A study conducted by Harvard University researchers found that approximately 20% of surveyed respondents were misinformed about vaccines, including 18% who believe they cause autism.
Researchers say social media users were more likely to be misinformed about vaccines than traditional media users, and distrust of health experts correlated to being misinformed about vaccinations.
We found that a relatively high number of individuals are at least somewhat misinformed about vaccines:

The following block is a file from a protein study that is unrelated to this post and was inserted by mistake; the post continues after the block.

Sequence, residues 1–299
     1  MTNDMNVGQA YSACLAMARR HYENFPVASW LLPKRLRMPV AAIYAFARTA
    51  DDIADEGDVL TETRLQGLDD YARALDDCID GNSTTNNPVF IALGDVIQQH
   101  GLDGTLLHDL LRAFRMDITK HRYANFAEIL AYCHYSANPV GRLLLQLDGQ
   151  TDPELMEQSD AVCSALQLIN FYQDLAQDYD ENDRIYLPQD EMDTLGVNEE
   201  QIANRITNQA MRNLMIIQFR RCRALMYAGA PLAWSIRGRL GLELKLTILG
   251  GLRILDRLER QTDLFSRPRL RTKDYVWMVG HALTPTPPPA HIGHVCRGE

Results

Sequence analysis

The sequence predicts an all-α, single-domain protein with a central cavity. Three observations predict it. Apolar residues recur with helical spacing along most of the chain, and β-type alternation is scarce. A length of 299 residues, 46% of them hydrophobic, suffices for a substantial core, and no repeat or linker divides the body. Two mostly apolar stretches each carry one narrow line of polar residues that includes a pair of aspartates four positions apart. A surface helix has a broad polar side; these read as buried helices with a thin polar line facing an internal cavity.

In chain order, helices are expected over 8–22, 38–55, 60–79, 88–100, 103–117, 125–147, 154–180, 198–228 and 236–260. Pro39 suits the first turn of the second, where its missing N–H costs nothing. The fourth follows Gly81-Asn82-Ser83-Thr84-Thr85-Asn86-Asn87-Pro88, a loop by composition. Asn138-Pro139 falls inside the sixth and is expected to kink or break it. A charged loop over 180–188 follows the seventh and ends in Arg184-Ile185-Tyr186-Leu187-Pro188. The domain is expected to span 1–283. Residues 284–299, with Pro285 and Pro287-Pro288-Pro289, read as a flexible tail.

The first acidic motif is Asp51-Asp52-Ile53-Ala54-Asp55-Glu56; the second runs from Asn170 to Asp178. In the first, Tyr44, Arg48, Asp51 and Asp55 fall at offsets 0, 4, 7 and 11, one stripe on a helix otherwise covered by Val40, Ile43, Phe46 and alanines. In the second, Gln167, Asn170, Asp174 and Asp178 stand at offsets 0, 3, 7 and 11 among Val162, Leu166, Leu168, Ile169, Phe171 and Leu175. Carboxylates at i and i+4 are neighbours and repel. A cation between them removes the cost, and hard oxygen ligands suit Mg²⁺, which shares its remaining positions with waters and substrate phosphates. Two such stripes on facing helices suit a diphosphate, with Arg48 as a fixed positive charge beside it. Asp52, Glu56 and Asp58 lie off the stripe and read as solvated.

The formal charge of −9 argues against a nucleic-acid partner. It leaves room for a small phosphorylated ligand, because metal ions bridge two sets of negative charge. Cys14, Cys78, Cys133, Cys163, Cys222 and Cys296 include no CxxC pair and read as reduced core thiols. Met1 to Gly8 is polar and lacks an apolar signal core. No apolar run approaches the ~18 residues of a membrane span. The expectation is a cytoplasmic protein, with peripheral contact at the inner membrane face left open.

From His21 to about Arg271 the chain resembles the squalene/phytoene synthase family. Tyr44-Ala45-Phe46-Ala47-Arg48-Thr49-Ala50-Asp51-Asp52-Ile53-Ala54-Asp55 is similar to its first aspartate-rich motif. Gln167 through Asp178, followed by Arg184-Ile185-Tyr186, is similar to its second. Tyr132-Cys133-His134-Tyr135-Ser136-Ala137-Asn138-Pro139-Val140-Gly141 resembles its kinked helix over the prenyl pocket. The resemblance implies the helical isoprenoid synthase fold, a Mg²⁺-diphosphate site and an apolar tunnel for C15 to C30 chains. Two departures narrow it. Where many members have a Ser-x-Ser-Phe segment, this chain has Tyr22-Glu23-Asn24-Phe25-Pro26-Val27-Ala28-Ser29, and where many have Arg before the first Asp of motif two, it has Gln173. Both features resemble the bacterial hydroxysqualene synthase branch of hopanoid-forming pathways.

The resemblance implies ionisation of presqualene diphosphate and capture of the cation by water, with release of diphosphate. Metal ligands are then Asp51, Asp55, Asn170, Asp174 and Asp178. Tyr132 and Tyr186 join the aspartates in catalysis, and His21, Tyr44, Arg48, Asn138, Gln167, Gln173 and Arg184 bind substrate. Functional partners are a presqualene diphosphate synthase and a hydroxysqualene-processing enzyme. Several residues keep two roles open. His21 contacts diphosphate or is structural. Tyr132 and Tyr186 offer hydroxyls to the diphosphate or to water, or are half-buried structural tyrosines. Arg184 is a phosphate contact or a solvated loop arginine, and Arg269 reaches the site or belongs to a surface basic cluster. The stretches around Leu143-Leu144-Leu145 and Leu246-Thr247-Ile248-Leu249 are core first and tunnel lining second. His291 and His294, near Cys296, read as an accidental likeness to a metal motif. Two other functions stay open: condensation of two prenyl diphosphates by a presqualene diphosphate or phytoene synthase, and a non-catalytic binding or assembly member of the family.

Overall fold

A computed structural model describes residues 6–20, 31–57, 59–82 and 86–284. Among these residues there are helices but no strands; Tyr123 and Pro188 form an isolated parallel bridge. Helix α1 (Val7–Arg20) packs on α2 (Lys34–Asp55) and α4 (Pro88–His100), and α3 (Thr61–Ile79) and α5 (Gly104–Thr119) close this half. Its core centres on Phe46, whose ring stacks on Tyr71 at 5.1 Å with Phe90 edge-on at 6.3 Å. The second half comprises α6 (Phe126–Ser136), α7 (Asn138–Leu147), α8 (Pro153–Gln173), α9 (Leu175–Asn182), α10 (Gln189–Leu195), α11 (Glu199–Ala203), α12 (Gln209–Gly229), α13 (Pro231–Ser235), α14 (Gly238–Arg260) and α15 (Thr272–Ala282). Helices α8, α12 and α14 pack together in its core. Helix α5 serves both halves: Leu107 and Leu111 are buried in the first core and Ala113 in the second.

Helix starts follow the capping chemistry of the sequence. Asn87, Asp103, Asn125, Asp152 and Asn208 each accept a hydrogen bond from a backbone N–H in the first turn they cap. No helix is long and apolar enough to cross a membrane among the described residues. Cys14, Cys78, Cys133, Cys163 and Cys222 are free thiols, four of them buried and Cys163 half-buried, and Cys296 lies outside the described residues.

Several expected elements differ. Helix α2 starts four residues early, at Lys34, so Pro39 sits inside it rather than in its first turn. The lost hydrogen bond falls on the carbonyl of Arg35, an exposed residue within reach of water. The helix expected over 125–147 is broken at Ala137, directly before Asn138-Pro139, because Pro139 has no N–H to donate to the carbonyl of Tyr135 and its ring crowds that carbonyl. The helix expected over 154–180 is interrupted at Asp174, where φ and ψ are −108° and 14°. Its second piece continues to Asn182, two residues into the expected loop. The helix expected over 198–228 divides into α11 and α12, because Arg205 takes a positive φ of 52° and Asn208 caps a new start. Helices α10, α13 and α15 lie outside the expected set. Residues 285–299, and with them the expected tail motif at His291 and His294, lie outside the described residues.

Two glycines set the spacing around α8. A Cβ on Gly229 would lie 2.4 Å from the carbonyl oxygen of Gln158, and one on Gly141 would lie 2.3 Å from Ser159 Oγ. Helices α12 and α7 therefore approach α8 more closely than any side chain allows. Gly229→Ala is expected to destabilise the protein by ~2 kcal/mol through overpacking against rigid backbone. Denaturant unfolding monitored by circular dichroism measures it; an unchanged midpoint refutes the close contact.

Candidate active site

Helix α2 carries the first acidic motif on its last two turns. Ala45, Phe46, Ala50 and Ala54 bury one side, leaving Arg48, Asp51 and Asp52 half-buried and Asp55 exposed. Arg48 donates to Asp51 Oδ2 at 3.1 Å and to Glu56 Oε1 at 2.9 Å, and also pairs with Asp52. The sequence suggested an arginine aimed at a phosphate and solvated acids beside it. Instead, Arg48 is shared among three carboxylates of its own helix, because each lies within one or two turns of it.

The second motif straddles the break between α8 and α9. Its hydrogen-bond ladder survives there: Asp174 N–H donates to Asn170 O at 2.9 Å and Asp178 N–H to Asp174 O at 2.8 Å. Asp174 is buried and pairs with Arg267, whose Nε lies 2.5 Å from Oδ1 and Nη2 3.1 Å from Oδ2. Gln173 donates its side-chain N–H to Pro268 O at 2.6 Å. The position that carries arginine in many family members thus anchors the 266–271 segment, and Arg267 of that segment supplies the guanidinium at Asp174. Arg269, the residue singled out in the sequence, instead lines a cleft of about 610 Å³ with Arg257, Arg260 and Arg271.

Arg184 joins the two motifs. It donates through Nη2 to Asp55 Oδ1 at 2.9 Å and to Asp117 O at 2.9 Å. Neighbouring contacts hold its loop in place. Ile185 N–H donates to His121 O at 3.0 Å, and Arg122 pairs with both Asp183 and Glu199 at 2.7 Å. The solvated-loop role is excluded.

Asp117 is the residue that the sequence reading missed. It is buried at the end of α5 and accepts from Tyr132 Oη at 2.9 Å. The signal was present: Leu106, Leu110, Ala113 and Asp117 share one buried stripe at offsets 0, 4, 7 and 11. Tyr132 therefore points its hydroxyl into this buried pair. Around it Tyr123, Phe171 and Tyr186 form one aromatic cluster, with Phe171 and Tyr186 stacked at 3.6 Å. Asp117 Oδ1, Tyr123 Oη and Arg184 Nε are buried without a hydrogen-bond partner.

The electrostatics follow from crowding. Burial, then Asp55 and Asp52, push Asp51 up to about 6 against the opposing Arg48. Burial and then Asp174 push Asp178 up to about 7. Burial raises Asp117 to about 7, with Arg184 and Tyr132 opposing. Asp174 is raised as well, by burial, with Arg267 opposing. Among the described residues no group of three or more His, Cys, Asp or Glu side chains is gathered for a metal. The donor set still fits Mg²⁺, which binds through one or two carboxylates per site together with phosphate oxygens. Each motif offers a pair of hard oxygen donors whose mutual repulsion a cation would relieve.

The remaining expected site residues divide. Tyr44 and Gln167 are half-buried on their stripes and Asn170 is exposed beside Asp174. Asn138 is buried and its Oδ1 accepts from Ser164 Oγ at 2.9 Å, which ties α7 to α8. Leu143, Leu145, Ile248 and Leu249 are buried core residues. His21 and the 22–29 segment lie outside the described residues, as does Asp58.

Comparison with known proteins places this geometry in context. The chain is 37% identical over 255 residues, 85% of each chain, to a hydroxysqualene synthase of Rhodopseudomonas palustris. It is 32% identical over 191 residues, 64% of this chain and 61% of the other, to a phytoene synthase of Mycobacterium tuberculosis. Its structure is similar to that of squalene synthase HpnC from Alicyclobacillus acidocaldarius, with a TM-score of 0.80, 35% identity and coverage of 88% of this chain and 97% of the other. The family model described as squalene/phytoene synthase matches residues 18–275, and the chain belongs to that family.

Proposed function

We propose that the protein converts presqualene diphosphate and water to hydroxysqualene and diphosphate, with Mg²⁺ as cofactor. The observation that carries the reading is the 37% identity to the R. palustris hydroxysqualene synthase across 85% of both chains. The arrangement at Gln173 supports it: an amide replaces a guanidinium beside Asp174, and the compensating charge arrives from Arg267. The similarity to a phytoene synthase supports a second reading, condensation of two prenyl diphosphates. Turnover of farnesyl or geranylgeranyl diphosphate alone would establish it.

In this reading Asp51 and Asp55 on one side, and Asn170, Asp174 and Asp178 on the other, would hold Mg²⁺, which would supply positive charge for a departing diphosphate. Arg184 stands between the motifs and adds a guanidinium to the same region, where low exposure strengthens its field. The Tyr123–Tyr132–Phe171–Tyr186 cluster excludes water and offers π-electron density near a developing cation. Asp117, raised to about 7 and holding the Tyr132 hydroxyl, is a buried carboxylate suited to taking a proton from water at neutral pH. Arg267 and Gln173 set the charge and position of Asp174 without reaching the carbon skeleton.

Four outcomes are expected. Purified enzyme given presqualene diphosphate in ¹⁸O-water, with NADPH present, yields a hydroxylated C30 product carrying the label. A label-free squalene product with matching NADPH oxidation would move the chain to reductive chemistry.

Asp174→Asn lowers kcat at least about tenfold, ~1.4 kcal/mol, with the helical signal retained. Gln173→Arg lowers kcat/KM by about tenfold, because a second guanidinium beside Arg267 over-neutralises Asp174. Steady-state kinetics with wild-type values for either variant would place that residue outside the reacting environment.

• 18% of our respondents mistakenly state that it is very or somewhat accurate to say that vaccines cause autism
• 15% mistakenly agree that it is very or somewhat accurate to say that vaccines are full of toxins,
• 20% wrongly report that it is very or somewhat accurate to say it makes no difference whether parents choose to delay or spread out vaccines instead of relying on the official CDC vaccine schedule, and
• 19% incorrectly hold that it is very or somewhat accurate to say that it is better to develop immunity by getting the disease than by vaccination.